ArcWave Ion

From Men’s Health sex columnist Zachary Zane’s review: “The sensation was novel—I’ll give it that much. I like the fact that you can pretty much put your dick in there, not do anything except strengthen your grip so there’s more pressure, and you’ll orgasm. Whether on purpose or not, the toy edges you because it’s only focusing on one section of your penis. Since it edges you, you end up orgasming hard. That’s a definite pro.

“Really, the Ion is a clit sucker except for the head of your penis. If you have a sensitive head and really like to focus on just your head when masturbating, then the Ion is a solid option.”

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Countless Homebound Patients Still Wait for Covid Vaccine Despite Seniors’ Priority

Opening another front in the nation’s response to the pandemic, medical centers and other health organizations have begun sending doctors and nurses to apartment buildings and private homes to vaccinate homebound seniors.

Boston Medical Center, which runs the oldest in-home medical service in the country, started doing this Feb. 1. Wake Forest Baptist Health, a North Carolina health system, followed a week later.

In Miami Beach, Florida, fire department paramedics are delivering vaccines to frail seniors in their own homes. In East St. Louis, Missouri, a visiting nurse service is offering at-home vaccines to low-income, sick older adults who receive food from Meals on Wheels.

In central and northern Pennsylvania, Geisinger Health, a large health system, has identified 500 older homebound adults and is bringing vaccines to them. Nationally, the Department of Veterans Affairs has provided more than 11,000 vaccines to veterans who receive primary medical care at home.

These efforts and others like them recognize a compelling need: Between 2 million and 4.4 million older adults are homebound. Most are in their 80s and have multiple medical conditions, such as heart failure, cancer, and chronic lung disease, and many are cognitively impaired. They cannot leave their homes or can do so only with considerable difficulty.

By virtue of their age and medical status, these seniors are at extremely high risk of becoming seriously ill and dying if they get covid-19. Yet, unlike similarly frail nursing home patients, they haven’t been recognized as a priority group for vaccines, and the Centers for Disease Control and Prevention only recently offered guidance on serving them.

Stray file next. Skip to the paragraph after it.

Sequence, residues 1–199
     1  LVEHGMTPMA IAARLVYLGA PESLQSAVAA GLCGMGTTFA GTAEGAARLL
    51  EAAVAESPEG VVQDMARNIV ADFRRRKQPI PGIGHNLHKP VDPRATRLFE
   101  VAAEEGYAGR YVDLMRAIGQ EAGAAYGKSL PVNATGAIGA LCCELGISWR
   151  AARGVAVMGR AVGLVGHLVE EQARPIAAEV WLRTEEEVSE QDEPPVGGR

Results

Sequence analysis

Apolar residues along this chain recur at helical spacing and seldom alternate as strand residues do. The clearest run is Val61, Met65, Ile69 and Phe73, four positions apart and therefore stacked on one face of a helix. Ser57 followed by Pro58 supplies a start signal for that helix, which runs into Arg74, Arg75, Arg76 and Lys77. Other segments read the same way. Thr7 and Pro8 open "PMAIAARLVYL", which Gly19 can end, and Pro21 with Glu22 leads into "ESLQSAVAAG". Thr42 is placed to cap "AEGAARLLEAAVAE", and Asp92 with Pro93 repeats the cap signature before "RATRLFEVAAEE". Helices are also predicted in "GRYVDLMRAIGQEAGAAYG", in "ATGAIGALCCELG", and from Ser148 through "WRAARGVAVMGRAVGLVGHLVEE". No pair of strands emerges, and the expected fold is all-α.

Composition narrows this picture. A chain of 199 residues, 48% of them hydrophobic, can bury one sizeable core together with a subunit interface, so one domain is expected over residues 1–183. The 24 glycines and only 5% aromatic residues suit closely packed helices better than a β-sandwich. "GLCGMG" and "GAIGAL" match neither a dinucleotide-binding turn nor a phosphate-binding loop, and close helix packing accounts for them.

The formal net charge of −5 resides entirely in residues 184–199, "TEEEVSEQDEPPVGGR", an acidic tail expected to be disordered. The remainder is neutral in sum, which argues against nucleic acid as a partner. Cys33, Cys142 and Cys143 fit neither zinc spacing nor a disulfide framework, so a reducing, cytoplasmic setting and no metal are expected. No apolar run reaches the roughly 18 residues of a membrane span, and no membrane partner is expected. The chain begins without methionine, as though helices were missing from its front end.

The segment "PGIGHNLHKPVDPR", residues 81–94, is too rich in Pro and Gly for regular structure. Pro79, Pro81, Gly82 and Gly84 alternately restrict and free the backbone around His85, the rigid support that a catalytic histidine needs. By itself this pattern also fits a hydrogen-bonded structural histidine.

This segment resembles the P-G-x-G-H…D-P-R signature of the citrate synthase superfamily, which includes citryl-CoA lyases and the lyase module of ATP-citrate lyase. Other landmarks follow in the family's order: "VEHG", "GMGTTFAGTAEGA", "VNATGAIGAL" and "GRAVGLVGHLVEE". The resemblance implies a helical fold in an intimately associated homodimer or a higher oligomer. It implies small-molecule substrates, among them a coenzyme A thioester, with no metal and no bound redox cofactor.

“This is a hidden group that’s going to be overlooked if we don’t step up efforts to reach them,” said Dr. Steven Landers, president and CEO of Visiting Nurse Association Health Group, which provides home health and hospice care to over 10,000 people in New Jersey, northeastern Ohio and southeastern Florida. His organization plans to launch a pilot home vaccination program for frail patients this week.

Jane Gerechoff, 91, of Ocean Township, New Jersey, is waiting for the group to vaccinate her. She had a stroke more than a year ago and has difficulty breathing because of a serious lung disease. “I can’t walk; I’m in a wheelchair. There’s no way in the world I could get the vaccine if they didn’t come out to me,” she said in a phone interview.

Although Gerechoff doesn’t go out, she lives with an adult son who interacts with people outside the house and she receives help from physical and occupational therapists at home. Any one of them could bring in the virus.

Reaching homebound seniors presents many challenges. At the top of the list: Home care agencies and hospice organizations don’t have access to covid vaccines either for their staff or patients.

“There is no distribution of vaccines to our members, and there has been no planning surrounding meeting the needs of the people we serve,” said William Dombi, president of the National Association for Home Care & Hospice.